As the trial chamber was preparing its judgement, we interviewed a few commentators who lamented the lack of linkage witnesses or proof of orders being issued from Congo to Bemba’s troops in CAR.

“It looks like the prosecution tried a lucky shot with this case. They thought it would be easy to prove and it wasn't and they should draw a lesson from that, especially since something similar happened in the Kenya case [IJT-172]. If this case ends in acquittal it would make a huge dent in the public appearance of what the office of the prosecutor can achieve in these mass atrocity trials. This would be yet another case in which the prosecutor failed to deliver the evidence promised, ” said Thijs Bouwknegt, an academic and trial monitor:

I haven’t yet found an academic or journalistic investigation into exactly how the ICC built its case against Bemba. But it might be opportune to look at what happened in neighbouring Democratic Republic of Congo and draw the parallels. Human rights activists Pascal Kambale has written extensively and critically on how the DRC investigation and build-up of cases was managed.

In the DRC there have also been questions about who the prosecutor chose to target: “For most Congolese, Thomas Lubanga did not fit into the category of persons bearing ‘the greatest responsibility’ for the crimes committed during the second phase of the Congolese war.”

Kambale adds that “the ICC’s arrest of Ngudjolo and Katanga appeared in the eyes of many Congolese to be the result of a mix of opportunism and a public relations operation having little to do with a genuine effort to punish the leaders of crimes committed in Ituri”.

Then there’s the issue of how exactly the prosecutor’s office (OTP) has collected its information: “From the outset, the OTP invested only in low-intensity and short investigations in Ituri, relying on the cooperation of the Congolese government and the UN mission in Congo, rather than on collecting direct victim testimony or using the material already collected by local NGOs for information on crimes and analysis of the cases. This system would eventually form the default operating protocol in the OTP and lead to investigative disasters elsewhere in the DRC and other countries.”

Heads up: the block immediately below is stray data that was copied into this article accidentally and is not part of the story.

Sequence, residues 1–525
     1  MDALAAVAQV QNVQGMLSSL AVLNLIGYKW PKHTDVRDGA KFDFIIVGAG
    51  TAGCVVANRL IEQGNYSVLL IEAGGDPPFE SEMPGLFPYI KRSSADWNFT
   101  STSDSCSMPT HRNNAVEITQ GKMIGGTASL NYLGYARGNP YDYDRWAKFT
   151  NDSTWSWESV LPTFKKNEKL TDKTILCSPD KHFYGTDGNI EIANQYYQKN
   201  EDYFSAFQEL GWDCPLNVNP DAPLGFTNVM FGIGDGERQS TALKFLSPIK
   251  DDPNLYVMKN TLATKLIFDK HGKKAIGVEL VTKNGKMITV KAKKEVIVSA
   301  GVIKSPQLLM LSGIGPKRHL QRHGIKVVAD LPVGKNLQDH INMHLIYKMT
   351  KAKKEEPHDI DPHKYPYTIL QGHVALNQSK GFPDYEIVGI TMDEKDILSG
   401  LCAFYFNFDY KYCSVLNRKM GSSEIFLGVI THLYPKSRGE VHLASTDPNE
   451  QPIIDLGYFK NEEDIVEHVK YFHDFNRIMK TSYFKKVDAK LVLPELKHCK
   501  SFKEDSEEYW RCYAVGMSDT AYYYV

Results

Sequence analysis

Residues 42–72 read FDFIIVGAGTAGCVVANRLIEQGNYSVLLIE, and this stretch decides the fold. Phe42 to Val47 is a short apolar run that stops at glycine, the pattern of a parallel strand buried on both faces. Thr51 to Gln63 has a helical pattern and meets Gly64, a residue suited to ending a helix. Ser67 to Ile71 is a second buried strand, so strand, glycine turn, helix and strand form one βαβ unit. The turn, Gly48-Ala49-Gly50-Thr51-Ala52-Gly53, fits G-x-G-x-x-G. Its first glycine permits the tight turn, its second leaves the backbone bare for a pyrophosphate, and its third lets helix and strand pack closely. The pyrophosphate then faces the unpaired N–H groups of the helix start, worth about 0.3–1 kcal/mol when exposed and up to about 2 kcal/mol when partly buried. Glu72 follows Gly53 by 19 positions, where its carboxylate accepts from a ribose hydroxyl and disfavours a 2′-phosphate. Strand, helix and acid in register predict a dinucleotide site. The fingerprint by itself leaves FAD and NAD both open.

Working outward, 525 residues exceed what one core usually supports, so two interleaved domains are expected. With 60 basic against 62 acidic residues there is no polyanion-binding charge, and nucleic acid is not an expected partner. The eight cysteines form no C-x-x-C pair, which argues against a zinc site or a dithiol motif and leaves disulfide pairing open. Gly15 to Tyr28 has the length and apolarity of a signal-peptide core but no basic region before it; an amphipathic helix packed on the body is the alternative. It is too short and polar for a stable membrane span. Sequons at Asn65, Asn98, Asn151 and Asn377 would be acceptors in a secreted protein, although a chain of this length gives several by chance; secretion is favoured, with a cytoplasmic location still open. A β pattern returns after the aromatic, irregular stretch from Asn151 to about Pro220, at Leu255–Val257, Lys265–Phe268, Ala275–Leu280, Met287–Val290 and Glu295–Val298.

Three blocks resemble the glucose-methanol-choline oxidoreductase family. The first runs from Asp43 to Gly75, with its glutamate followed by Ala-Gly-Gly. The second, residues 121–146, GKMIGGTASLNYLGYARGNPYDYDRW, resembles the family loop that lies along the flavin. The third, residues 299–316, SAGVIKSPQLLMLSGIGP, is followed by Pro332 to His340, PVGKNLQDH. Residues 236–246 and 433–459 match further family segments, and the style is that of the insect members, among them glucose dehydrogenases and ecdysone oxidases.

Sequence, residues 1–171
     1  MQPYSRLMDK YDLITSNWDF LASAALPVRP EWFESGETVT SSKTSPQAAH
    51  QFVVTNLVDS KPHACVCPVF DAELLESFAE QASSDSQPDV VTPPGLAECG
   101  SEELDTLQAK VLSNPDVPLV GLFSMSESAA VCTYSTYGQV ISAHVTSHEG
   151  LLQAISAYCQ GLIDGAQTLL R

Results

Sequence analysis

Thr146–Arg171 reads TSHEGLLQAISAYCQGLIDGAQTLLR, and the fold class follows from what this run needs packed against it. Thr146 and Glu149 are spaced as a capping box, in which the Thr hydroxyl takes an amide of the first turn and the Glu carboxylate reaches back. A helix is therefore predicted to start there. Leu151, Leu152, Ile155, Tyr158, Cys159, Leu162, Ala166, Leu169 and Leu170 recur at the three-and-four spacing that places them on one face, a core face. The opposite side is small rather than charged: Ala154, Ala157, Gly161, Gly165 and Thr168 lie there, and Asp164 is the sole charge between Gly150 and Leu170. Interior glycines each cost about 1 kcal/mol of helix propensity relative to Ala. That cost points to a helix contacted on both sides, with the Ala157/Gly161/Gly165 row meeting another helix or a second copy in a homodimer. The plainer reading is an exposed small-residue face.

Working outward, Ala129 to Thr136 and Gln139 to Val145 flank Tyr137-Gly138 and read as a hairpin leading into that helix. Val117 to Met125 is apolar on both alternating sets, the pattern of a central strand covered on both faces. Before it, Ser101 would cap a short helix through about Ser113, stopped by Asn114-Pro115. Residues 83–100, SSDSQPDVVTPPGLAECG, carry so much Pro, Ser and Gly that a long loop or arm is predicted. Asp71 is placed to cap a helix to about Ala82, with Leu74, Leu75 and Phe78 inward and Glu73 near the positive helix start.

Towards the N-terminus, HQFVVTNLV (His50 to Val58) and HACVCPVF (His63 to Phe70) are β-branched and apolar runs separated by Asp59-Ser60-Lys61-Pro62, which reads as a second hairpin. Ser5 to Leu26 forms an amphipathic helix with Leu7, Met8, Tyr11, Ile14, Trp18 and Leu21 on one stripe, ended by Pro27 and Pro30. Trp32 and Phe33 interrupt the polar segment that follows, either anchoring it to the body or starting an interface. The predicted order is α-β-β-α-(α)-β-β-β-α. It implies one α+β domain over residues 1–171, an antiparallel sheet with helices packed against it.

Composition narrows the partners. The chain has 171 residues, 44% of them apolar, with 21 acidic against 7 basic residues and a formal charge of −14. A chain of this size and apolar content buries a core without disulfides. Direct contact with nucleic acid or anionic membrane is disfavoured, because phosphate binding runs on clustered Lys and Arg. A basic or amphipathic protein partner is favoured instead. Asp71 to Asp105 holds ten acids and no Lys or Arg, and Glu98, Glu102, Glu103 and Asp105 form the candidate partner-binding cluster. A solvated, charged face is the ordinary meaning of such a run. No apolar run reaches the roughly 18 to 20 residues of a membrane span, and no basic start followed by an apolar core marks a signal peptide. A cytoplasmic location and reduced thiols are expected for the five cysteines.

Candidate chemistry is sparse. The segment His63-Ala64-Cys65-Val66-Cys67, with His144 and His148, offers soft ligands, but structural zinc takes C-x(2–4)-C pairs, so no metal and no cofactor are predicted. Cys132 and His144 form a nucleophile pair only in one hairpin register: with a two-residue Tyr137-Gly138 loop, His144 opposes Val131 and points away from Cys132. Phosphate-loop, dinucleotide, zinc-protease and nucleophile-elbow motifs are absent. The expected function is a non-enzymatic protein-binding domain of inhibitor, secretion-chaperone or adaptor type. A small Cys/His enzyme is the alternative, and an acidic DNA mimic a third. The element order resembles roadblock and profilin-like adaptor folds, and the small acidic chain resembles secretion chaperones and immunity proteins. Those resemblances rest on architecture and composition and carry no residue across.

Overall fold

He also looks critically at the inefficiency of the investigations themselves including only “short periods of time” in the field. At a “15 July 2004 meeting with NGOs, the prosecutor highlighted his vision of ‘a short and focused investigation’ aiming at eliciting ‘a limited number of witnesses’. As he explained, this investigation strategy would ‘simplify witness protection’ while furthering the OTP’s policy of seeking ‘more evidence from states, less from witnesses’ and advancing his vision of ‘short trials with few charges’. At the same meeting, he stressed other benefits of the strategy, including the fact that it would minimize the need for having local people in the investigative teams, thus helping avoid situations where impartiality is questionable”

Kambale, in further articles, suggests that the reliance on evidence from states lead to a situation where Ocampo’s office could not afford politically to pursue other main actors: “The relatively minor players in Ituri that have been indicted by the ICC and put on trial in the Hague, indicates that the prosecutor deliberately left the most important actors—the national political and military leaders in DRC, Uganda and Rwanda who provided the militias with critical support—in the shadows. The court has thus been unable to place the crimes in their full historical context and is not effectively uncovering the truth.”